Although machine learning (ML) has shown promise across disciplines, out-of-sample generalizability is concerning. This is currently addressed by sharing multi-site data, but such centralization is challenging/infeasible to scale due to various limitations. Federated ML (FL) provides an alternative paradigm for accurate and generalizable ML, by only sharing numerical model updates. Here we present the largest FL study to-date, involving data from 71 sites across 6 continents, to generate an automatic tumor boundary detector for the rare disease of glioblastoma, reporting the largest such dataset in the literature (n = 6, 314). We demonstrate a 33% delineation improvement for the surgically targetable tumor, and 23% for the complete tumor extent, over a publicly trained model. We anticipate our study to: 1) enable more healthcare studies informed by large diverse data, ensuring meaningful results for rare diseases and underrepresented populations, 2) facilitate further analyses for glioblastoma by releasing our consensus model, and 3) demonstrate the FL effectiveness at such scale and task-complexity as a paradigm shift for multi-site collaborations, alleviating the need for data-sharing.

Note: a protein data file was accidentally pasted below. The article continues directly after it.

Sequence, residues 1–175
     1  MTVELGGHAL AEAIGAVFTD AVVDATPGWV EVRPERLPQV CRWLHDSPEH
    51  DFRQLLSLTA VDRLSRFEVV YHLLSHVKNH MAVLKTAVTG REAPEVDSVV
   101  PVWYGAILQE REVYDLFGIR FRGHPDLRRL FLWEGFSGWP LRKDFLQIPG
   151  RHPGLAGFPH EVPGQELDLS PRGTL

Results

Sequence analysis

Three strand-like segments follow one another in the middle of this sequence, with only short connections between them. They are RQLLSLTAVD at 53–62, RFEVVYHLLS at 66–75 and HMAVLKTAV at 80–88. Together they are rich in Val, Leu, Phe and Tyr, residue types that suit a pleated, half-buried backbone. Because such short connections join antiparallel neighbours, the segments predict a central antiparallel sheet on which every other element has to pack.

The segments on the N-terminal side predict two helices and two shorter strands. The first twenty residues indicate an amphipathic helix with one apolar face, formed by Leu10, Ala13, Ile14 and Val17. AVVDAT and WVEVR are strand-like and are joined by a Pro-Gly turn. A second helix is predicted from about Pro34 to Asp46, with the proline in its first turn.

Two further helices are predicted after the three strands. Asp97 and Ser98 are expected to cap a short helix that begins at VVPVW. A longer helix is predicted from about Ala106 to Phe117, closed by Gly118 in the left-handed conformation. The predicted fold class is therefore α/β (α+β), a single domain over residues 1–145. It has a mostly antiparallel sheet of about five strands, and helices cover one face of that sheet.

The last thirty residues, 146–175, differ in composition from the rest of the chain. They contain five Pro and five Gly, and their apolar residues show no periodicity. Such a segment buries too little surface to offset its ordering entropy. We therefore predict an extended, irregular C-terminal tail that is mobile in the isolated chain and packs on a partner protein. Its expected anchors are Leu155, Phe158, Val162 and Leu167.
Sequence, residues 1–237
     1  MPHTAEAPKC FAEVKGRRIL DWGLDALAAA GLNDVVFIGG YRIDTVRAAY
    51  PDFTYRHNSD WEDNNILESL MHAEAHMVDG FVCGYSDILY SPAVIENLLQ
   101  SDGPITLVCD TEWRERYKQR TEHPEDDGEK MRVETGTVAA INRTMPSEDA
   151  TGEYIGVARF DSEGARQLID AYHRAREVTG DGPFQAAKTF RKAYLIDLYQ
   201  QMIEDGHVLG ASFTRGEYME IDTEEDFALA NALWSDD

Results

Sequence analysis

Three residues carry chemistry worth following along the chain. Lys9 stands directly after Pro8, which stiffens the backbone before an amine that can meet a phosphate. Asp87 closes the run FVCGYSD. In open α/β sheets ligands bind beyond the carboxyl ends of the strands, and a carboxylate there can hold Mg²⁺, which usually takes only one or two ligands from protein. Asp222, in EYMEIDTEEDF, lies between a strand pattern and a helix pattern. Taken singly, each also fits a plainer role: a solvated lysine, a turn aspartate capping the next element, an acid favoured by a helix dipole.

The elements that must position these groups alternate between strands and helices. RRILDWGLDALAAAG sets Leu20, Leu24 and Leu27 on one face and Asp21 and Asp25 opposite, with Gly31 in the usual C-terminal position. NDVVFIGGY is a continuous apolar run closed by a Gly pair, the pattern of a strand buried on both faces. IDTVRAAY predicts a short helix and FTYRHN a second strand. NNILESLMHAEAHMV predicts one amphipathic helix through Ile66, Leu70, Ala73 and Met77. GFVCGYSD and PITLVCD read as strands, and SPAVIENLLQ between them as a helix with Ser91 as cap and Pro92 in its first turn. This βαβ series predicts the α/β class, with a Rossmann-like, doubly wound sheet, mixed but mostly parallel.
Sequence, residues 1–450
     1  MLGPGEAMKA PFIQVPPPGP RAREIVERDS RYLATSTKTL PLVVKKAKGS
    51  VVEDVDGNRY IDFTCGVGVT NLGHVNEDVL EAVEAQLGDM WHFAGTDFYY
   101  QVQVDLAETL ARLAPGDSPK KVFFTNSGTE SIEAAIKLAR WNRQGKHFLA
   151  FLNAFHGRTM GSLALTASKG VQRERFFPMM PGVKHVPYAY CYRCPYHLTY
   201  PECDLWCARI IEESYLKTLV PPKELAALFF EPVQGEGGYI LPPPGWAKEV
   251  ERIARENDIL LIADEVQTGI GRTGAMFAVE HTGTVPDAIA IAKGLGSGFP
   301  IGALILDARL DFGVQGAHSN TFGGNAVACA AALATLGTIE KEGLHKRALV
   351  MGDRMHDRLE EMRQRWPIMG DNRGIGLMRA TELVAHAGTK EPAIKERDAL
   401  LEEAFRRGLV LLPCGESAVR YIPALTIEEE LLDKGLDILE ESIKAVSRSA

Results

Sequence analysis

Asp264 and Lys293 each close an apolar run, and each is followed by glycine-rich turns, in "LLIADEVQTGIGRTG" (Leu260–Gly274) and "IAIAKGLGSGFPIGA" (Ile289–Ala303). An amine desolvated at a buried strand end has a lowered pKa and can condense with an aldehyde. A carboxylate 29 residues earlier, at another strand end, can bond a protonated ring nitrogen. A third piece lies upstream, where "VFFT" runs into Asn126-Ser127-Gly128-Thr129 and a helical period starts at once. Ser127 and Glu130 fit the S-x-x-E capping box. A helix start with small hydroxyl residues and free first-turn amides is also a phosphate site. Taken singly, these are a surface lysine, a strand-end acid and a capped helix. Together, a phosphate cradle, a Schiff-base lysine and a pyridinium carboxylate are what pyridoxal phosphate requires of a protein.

Terbinafine has proved to treat numerous fungal infections, including onychomycosis, successfully. Due to its liver metabolization and dependency on the cytochrome P450 enzyme complex, undesirable drug interaction are highly probable. Additionally to drug interactions, the treatment is long, rising the chances of the appearance of side effects and abandonment. Pharmacokinetic data suggest that terbinafine maintains a fungicidal effect within the nail up to 30 weeks after its last administration, which has aroused the possibility of a pulse therapy to reduce the side effects while treating onychomycosis. This study’s goal was to evaluate the effectiveness of three different oral terbinafine regimens in treating onychomycosis due to dermatophytes. Sixty-three patients with onychomycosis were sorted by convenience in three different groups. Patients from group 1 received the conventional terbinafine dose (250 mg per day for 3 months). Group 2 received a monthly week-long pulse-therapy dose (500 mg per day for 7 days a month, for 4 months) and group 3 received a 500 mg/day dose for 7 days every 3 months, totaling four treatments. There were no statistical differences regarding the effectiveness or side effects between the groups. Conclusion: A quarterly terbinafine pulse regimen can be a possible alternative for treating onychomycosis caused by dermatophytes.
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